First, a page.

"I can see that our handprint is all over it," Waters said of Obama's plan. "We upped the ante a little bit by pushing, being a bit more vocal. This was not done in a way to threaten the president but to make it easier for him. We think we helped him to be able to formulate a response."

The jobs plan was praised by Ralph Everett, president and chief executive of the Joint Center for Political and Economic Studies, a nonpartisan Black think tank.

Although the president did not specifically mention high unemployment among Blacks, Black people "are sophisticated enough to understand" how their communities will benefit, U.S. Trade Representative Ron Kirk said Friday.

"Obviously there is a debate raging, saying that we should come out and say this expressly for the black and Latino community," Kirk said. "But this president got elected spectacularly on his premise that we are not a black America, a brown America, a white America. We are one America."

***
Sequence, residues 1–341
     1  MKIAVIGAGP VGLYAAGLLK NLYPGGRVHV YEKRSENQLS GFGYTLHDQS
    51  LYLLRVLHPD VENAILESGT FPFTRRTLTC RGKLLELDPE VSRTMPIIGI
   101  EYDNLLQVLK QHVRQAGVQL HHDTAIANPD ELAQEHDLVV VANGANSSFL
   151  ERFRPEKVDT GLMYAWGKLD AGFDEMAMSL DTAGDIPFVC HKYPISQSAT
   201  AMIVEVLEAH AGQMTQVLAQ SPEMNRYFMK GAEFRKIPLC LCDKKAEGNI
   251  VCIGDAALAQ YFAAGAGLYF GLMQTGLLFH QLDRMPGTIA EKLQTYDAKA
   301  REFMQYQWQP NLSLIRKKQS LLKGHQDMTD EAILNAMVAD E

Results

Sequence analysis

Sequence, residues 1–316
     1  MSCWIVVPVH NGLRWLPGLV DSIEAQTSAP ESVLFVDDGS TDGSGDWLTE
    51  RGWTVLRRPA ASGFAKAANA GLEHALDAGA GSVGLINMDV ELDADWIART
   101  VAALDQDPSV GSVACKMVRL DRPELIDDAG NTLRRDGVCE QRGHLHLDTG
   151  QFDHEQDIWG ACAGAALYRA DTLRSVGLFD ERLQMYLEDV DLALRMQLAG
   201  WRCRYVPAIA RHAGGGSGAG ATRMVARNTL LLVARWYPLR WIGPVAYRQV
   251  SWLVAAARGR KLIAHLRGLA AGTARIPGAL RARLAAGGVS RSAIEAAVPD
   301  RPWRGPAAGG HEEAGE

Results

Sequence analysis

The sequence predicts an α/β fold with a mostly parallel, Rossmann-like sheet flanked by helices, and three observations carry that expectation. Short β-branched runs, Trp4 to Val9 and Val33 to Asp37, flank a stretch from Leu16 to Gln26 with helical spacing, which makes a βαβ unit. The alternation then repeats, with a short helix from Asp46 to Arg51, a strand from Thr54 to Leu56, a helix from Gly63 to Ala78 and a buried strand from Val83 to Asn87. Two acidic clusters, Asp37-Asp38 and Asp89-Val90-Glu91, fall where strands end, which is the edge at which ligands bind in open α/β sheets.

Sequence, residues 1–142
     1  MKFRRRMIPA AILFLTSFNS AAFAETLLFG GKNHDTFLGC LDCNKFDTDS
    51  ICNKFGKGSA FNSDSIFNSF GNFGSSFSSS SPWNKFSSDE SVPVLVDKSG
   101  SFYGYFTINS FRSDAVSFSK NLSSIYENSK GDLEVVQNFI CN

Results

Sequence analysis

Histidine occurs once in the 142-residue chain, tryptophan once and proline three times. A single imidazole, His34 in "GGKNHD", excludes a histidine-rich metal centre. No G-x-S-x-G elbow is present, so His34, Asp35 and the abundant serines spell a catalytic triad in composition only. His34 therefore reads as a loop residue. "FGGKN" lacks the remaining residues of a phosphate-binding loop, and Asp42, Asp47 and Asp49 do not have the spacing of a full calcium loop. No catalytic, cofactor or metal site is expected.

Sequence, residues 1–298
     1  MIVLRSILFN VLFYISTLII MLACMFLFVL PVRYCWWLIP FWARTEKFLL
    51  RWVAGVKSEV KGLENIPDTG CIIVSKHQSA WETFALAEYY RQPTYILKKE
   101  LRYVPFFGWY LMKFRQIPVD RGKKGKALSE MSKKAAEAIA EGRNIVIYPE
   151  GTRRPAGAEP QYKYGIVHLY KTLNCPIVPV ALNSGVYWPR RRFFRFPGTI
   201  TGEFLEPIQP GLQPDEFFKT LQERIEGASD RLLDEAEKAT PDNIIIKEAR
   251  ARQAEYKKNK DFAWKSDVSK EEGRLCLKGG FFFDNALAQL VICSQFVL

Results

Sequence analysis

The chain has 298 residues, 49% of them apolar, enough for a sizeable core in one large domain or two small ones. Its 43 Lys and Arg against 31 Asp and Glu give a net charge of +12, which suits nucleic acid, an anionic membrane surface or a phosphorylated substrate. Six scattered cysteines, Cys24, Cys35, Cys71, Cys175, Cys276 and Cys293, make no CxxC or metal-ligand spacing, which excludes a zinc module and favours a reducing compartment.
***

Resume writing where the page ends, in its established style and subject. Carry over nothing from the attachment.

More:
The White House moved quickly to capitalize politically on the good will, emailing an extraordinary blast of supportive statements from elected officials, union leaders and interest groups within minutes after Obama spoke Thursday night.

On Friday, while the president pushed his American Jobs Act in Richmond, Va., his aides promoted targeted relief to Hispanics, teachers, police officers, construction workers, small businesses and others.

Administration officials said the plan would extend unemployment benefits and provide support for 1.4 million Blacks who have been unemployed six months or longer. It also would provide summer and subsidized jobs for youth, help boost the paychecks of 20 million Black workers through an extension and expansion of the payroll tax, and benefit, in some way, more than 100,000 Black-owned small businesses.

"With over 16 percent of African Americans out of work and over 1 million African Americans out of work over six months, I think the president believes this is a serious problem and the onus is on us to do everything we can to tackle this," Danielle Gray, deputy director of the National Economic Council, told reporters.